Will Facebook’s Latest Move Give the Tech Giant an Edge in the Streaming Wars?

Facebook isn’t going to compete with Netflix and Amazon in the hour-long drama space. Justin Sullivan/Getty Images

Facebook is increasingly looking like a real media company.

The social media giant hired the former leader of BuzzFeed Studios, Matthew Henick, to lead Facebook’s video and content strategy and planning, as well as Mike Bidgoli, former head of advertising product at Pinterest, to lead Facebook Watch, the six-month-old streaming service that Facebook put out last year to fill a void in its product mix. Henick and Bidgoli announced their new jobs on social media on Monday.

One of the two new hires’ immediate challenges will be to figure out a clear roadmap for Watch, which has yet to make a compelling case in the crowded streaming business dominated by Netflix and Amazon.

Ricky Van Veen, Facebook’s head of global creative strategy, said recently that Facebook wasn’t planning to compete with Netflix and Amazon in prestige hour-long dramas but would instead focus on leveraging its social user base for a competitive edge. 

For example, one of Watch’s unique offerings is real-time audience interaction with show creators. For each show streaming on the platform, there is a dedicated chat group for fans to share their thoughts.

Industry observers would agree with this vision.

Consumers want Facebook to do a better job of integrating relevant and engaging content, based on their profile, into their individual news feed—else it becomes like broadcast TV where viewers are treated to an onslaught of video commercials, many of which have no relevance,” Jim Fosina, CEO of Fosina Marketing Group, told Observer in January.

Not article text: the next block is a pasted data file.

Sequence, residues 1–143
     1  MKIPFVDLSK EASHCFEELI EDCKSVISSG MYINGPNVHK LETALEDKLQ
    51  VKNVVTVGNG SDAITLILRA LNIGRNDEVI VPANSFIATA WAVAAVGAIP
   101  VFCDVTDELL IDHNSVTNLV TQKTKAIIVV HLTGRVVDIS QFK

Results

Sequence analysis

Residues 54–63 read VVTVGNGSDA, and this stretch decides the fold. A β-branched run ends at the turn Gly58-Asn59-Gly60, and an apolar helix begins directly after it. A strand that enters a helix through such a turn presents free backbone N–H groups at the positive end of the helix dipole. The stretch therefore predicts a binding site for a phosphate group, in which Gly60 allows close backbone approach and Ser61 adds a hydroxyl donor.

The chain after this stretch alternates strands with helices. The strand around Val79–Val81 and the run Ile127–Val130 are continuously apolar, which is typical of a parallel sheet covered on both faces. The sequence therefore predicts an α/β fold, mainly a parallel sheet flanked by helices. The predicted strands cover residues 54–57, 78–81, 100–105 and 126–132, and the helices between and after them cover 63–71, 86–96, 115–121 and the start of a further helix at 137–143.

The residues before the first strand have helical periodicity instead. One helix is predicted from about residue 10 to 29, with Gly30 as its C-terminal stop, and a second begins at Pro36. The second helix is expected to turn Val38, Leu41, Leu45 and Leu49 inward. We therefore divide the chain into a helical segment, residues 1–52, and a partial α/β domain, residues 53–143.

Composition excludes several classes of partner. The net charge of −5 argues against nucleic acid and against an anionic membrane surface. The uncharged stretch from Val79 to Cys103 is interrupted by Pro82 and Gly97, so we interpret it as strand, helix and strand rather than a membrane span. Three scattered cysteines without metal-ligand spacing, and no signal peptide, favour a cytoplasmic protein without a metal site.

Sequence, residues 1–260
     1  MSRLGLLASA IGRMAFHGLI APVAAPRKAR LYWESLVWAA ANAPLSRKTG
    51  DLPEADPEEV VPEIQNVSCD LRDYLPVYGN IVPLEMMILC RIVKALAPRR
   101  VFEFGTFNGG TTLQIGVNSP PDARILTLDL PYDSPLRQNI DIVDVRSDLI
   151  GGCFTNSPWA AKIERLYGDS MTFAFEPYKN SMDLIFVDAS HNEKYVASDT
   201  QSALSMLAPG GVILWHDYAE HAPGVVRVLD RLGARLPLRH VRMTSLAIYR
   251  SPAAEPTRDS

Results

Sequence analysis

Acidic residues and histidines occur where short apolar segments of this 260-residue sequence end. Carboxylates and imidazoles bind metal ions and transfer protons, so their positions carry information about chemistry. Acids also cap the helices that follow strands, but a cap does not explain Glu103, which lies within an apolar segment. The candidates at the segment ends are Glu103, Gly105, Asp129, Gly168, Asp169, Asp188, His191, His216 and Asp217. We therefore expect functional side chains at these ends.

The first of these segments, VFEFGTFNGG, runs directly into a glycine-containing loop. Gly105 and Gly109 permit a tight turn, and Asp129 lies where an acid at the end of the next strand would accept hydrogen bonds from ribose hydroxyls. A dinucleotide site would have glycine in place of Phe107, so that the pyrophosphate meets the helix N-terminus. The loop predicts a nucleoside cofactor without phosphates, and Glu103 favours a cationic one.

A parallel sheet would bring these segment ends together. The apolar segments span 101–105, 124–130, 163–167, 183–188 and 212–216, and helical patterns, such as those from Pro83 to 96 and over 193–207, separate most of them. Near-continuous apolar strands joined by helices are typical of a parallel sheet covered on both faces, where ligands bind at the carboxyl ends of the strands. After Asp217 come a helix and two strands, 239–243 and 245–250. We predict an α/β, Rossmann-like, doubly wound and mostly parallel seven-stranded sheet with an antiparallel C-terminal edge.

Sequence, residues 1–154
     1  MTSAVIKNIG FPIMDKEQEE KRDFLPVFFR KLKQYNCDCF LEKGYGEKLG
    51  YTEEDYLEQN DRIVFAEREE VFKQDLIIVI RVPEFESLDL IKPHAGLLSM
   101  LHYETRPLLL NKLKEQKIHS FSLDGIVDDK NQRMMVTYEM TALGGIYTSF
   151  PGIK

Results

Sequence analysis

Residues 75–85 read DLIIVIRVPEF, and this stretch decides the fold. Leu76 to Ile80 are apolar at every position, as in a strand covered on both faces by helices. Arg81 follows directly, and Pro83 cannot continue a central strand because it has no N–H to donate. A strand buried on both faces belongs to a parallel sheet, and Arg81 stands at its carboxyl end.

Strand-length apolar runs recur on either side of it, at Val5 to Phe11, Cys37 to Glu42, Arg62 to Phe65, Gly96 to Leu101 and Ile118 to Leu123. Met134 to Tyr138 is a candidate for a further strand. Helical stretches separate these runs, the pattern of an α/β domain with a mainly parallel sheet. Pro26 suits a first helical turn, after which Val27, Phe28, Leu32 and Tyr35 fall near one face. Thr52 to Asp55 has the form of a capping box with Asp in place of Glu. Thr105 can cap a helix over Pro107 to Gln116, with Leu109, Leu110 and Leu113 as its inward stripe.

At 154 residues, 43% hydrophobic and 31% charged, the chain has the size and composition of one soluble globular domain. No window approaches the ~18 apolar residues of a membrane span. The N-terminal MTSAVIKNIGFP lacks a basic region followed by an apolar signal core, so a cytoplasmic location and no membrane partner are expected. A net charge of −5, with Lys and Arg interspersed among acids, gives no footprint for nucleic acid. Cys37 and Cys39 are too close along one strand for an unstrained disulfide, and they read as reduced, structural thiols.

Identifying video as the fastest-growing sector of content consumption, Facebook began fine-turning user experience for its existing video products in 2016, adding new features such as group video chat in FB Messenger, “video for TV” apps, and automatically minimizing video windows while users scroll for other content (similar to YouTube).

Soon after, Facebook introduced Live in April 2016 and Watch in 2017 to expand its video portfolio.

“I’ve always thought of Facebook as a storytelling platform at its core—every status update, every photo, every ‘it’s complicated’ has a story to tell,” Henick wrote in a Facebook post on Monday.

Henick has a track record of producing original content for a millennial audience using the platform’s existing assets.

During his four years at BuzzFeed Studios, he led the development of Brother Orange, a film adaptation of a writing series on BuzzFeed by editor Matt Stopera, and What Happened to…Jessica Chambers, a documentary series based on the reporting by Katie J.M. Baker about the mysterious death of Mississippi teen Jessica Chambers.

“The future of storytelling is social. As media learns to wield the advantages of the digital world, a completely new video experience is emerging on mobile, with a potential for social and interactivity that we’re only beginning to tap. It resists silos like ‘first’ and ‘second screens.’ I think everyone in the world should be able to touch this experience—whether they want to consume it, create for it or even monetize it — in a singular, unified way. Facebook is in an amazing position to offer that,” Henick wrote.

“The broader media space is going through an unprecedented transformation as creators have more opportunities to produce incredible content and to deliver this content to viewers through new means enabled by mobile broadband and new platforms. Facebook will play a huge part in unlocking this creative energy and connecting creators with their fan communities,” Bidgoli wrote in a Medium post on Monday.

Will Facebook’s Latest Move Give the Tech Giant an Edge in the Streaming Wars?